Husband's transfer of matrimonial home to wife fraudulent: Ontario Court of Appeal

The home was transferred for $2.00 through an interim separation agreement

Husband's transfer of matrimonial home to wife fraudulent: Ontario Court of Appeal

In a recent family law case, the Ontario Court of Appeal voided the husband’s transfer of the matrimonial home to his wife as a fraudulent conveyance.

The trial judge found that Baljit Dhaliwal failed to return $600,000 obtained from the respondent company for a joint venture to build a gas station that was never constructed. Anticipating legal action for breach of trust, Baljit transferred the matrimonial home to his wife, Arvinder Dhaliwal, for $2.00 through an interim separation agreement. The judge ruled this transfer fraudulent.

Arvinder argued that the trial judge wrongly concluded she did not provide good consideration for the home transfer, claiming the decision was unfair as it would cause her to lose built-up equity and make her liable for a mortgage associated with the transfer. Baljit contended that only $50,000 was owed to the respondent and challenged the finding that he intended to fraudulently transfer the home, asserting his wife was unaware of any fraudulent intent.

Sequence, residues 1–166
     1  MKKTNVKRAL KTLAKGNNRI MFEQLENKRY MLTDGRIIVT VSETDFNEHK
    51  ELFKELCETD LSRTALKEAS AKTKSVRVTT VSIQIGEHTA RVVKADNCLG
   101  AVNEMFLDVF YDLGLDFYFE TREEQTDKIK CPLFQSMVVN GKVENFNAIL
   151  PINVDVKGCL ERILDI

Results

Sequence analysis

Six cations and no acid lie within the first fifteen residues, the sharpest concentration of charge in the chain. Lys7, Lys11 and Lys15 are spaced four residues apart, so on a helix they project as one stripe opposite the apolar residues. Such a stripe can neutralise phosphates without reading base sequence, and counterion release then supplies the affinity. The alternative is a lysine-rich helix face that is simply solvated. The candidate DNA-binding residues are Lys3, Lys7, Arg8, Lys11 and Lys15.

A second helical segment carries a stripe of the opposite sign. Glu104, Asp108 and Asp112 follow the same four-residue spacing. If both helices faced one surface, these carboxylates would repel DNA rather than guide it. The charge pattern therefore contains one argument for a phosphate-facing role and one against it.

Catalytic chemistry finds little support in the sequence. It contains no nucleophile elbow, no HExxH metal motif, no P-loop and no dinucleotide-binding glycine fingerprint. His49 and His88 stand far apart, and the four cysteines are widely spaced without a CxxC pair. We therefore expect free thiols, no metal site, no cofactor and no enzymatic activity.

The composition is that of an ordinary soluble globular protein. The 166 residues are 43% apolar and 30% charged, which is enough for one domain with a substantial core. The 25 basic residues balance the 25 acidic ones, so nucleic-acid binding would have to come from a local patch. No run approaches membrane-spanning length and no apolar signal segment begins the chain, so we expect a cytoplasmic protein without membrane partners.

The appellate court noted that the trial judge's findings of fact, including evidence of Baljit's breach of trust and fraudulent conveyance, were "overwhelming." The judge found Baljit's and the respondent's vice president's testimonies inconsistent and evasive, while the evidence from the respondent's 100 percent shareholder was deemed "straightforward and sensible."

Regarding the home conveyance, the trial judge identified multiple indications of fraud, and the appellants failed to counter the evidence of fraudulent intent. Arvinder's refusal to produce her family law file, bank statements, and accounting records further supported the fraudulent conveyance finding. The court also noted that the exception for good consideration transfers did not apply in this case.

The appellate court confirmed that the trial judge’s findings are subject to review only for palpable and overriding error and found no such error in the case. The court also dismissed Arvinder's claim of fundamental unfairness, referencing recent case law, which clarified that an order under the Fraudulent Conveyances Act does not change title but allows creditors to execute against the property for debts owed by the transferor.

Ultimately, the court dismissed the appeal and awarded the respondent $15,000 in total costs, with each appellant liable for $7,500.

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